The centre of the house boasts the huge Great Hall with its balconies, arcades and grand staircase; on entry most visitors are overwhelmed by its Gothic splendour. Towering almost 70 feet, it is amongst the tallest country house ceilings and boasts an extraordinary hammer beam ceiling reminiscent of the Henry VIII Banqueting Hall at Hampton Court and the Great Hall at the Palace of Westminster.
The Great Hall features a stone and glass lantern which incorporates some of the 125 ancestral shields, other coats of arms can be seen on small plaques around the walls. The importance of symmetry in the room’s design is denoted by a false door which is positioned simply to provide balance with the Library door opposite. The carved stone fire surround is over 14 feet tall and home to fire dogs on either side which represent the Stourton sea dog and Mowbray lion – also seen in the estate crest. These were recreated for the fireplace using the originals, currently housed at the Mowbray estate in Scotland, as templates.
Recent additions to the Great Hall include the stunning torcheres on each side of the Great Stairs, purchased several years ago at auction in London, and electricity wired into the beautiful gothic wall sconces which were formerly lit by gas. The four oak benches were commissioned by Dr. Rolph following the auction of chairs made from wood from the Spanish armada which were sold at the auction in 1965.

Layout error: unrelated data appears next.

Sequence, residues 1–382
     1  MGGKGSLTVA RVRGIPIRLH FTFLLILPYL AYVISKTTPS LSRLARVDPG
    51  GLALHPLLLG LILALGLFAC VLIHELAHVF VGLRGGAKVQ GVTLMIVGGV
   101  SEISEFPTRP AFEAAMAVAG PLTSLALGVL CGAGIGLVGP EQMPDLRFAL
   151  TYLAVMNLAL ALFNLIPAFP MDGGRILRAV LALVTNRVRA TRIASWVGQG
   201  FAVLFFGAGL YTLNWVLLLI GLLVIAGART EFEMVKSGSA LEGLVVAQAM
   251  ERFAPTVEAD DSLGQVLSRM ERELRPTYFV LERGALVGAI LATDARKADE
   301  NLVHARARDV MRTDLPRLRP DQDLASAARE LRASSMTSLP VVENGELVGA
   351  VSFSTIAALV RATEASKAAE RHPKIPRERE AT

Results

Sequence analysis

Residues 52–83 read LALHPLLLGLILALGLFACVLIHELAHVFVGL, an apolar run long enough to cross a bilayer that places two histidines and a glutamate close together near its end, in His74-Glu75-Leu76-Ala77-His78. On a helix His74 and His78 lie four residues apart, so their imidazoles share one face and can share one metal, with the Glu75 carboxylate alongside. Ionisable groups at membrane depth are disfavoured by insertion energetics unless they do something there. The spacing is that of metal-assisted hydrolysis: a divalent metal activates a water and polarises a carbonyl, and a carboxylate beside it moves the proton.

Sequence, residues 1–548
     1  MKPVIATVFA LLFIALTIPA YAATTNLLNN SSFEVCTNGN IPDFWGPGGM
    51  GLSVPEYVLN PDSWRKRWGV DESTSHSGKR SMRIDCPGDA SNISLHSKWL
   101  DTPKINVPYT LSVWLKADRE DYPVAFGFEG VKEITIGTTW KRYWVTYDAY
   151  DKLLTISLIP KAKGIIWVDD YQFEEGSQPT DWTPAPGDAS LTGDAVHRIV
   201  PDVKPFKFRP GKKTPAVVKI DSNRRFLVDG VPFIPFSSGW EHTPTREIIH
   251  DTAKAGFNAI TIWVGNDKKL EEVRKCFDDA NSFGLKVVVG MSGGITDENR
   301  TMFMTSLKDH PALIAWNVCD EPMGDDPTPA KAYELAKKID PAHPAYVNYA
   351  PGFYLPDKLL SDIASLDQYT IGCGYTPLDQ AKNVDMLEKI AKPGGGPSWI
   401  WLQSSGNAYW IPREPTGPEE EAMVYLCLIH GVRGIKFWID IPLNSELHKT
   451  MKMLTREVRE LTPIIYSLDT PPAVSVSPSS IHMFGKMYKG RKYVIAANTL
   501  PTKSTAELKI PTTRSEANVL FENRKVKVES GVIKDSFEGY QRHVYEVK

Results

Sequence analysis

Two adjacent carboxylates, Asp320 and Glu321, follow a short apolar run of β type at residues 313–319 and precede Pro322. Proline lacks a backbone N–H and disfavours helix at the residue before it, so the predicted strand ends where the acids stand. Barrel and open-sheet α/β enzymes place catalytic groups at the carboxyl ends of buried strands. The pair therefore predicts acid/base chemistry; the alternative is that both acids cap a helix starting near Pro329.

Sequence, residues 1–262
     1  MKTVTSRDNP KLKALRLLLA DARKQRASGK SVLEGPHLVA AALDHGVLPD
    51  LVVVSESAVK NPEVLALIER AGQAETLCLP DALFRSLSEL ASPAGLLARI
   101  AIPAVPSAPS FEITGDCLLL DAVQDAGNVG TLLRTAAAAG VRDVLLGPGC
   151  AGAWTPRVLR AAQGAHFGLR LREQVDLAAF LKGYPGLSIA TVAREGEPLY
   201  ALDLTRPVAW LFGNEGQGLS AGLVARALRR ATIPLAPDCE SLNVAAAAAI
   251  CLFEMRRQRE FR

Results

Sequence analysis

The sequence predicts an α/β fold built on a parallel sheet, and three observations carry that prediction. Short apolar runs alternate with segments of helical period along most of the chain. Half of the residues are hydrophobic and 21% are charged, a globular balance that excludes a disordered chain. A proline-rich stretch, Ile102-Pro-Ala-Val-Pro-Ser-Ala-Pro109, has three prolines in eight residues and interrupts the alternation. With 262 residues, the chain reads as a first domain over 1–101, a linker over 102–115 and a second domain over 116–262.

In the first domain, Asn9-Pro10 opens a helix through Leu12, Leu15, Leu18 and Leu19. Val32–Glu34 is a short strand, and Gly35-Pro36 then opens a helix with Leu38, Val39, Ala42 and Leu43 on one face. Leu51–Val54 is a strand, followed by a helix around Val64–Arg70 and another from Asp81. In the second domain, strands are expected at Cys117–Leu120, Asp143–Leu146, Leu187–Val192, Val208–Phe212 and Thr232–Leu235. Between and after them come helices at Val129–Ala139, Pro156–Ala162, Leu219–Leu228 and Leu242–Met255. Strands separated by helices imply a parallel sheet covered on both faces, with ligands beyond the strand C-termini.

On special occasions a massive Persian style hand tied carpet is placed on the floor, one of four that Dr. Rolph designed and had made in Bucharest, Romania; one of only two countries in the world with looms large enough to make these carpets. The room is partly divided by an elephant, richly carved from a single block of Rosewood; originally from the Maharajah of Mysor’s Palace in India.
The Great Hall presented a mammoth restoration task when Dr Rolph took on the estate in 1983. Extensive crumbling stonework had to be re-carved and re-fitted whilst the stained glass windows were painstakingly repaired and replaced. Many of the heraldic shields in the lantern had faded beyond recognition and were restored with support from the Heraldic Society and members of the Stourton family. The magnificent ‘angels’ and ‘frieze’ were carefully cleaned and then varnished using specialist materials. The oak panelling on the walls required extensive cleaning in order to restore to its former glory. This initial process took over 12 months to complete.and continues with an annual high-level cleaning and maintenance programme.
Affects of the fire:
In 2005 fire severely damaged the light wells above the fireplace and the Great Stairs, as well as the oak carved balcony on the North side of the stairs. These have all now been restored, including the Fleur de Lys and Yorkshire rose etched glass.